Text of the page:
It seems like such an innocuous question: “How’s business? Everything going well?” People just want to be encouraging. They really are rooting for you and they just want to hear that a company they like (and an entrepreneur they like) is doing well.
I’ve read that the standard reply in Silicon Valley is to say something like “We’re crushing it!” and all I can think is Thank God I don’t live in Silicon Valley. If someone in Chicago said that to me I would raise my eyebrows and think they had been watching too much Entourage.
But what do I say? And why does it matter?
It matters because you’re probably not crushing it. Hopefully, you’re not failing miserably, either. Most of us are somewhere in between. Or, more accurately, some days we’re crushing it and some days we’re…not.
But entrepreneurship can often feel like a performance. A non-stop performance—for customers, for investors, for employees, for peers. Perception matters, and startups need to create a perception of success. “Fake it till you make it,” right? Everybody's playing the game, right?
Lately, though, I’m hearing some concerning stories about how faking it without making it has led to entrepreneurs burning out, even to the point of committing suicide.
Comparing your own private reality with the polished and refined public image of your competitors and peers is like women comparing themselves to Hollywood actresses whose bodies have been professionally coifed, colon-cleansed, styled and Spanxed before walking the Oscars red carpet: It's an elaborate hoax. And the hoax gives all the rest of us a distorted perception of reality and it’s bad for our self-esteem.
Much like the excesses of Hollywood, we can all be complicit in creating an ecosystem that feeds on (and then eventually requires) bravado and exaggeration. Or we can refuse.
Personally, I vote for keeping it real in Chicago. For being a safe space. For sharing our ups and downs and making struggle normal.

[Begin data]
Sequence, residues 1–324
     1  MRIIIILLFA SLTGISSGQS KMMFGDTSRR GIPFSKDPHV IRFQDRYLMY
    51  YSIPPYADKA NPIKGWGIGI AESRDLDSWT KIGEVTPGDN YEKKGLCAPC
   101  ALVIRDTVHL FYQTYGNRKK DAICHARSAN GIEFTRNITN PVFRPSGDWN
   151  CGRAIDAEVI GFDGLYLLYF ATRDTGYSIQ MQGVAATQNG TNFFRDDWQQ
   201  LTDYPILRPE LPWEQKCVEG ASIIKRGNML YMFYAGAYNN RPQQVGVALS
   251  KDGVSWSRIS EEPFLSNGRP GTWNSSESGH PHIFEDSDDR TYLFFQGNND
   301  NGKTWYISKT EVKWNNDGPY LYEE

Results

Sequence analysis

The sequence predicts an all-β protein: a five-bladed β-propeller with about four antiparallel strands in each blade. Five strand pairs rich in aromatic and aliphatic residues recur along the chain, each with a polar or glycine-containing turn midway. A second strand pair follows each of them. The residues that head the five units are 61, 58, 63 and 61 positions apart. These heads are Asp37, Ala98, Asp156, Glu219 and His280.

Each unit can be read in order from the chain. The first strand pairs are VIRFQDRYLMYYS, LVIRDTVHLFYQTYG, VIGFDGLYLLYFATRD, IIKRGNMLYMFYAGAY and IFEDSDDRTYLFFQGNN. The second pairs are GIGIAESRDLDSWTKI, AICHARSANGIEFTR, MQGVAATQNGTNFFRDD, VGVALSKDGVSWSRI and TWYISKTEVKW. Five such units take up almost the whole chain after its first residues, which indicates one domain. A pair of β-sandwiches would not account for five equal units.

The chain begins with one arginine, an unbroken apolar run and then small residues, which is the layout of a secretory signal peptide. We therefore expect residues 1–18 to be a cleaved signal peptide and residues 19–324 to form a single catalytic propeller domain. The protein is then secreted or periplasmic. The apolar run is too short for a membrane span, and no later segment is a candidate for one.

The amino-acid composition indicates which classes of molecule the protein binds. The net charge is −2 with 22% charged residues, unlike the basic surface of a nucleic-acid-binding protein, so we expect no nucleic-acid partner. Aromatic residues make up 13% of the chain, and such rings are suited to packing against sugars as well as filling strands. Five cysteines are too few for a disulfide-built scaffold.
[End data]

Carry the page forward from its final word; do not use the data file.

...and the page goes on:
I’m not saying that you should dump your shit on everybody who says, “how’s it going?” And if you don’t possess that bizarre combination of incredible confidence and willingness to be proven wrong then you probably shouldn’t be an entrepreneur. But I am saying that we need to help each other benchmark against reality instead of an airbrushed, Botoxed land of make-believe.
So what’s my response when someone casually asks, “How’s it going?” On good days and bad days alike, I say something like “It’s going, thanks. We’re chugging along, making progress every day.” And we are. Moxie Jean is a lot bigger, and we’re ten times smarter than we were just a few months ago. We’ve figured out so many pieces of the puzzle (some painfully and all through trial and error). But truthfully, we still have some big things to figure out, and I ask my friends, mentors and investors for help and advice all the time.
I also try to be candid in sharing lessons, wrong turns and times of struggle, mostly because turning events into coherent stories helps me process it all, but also with the hope that other people will know that their own doubts and disappointments are part of the normal life of a startup entrepreneur.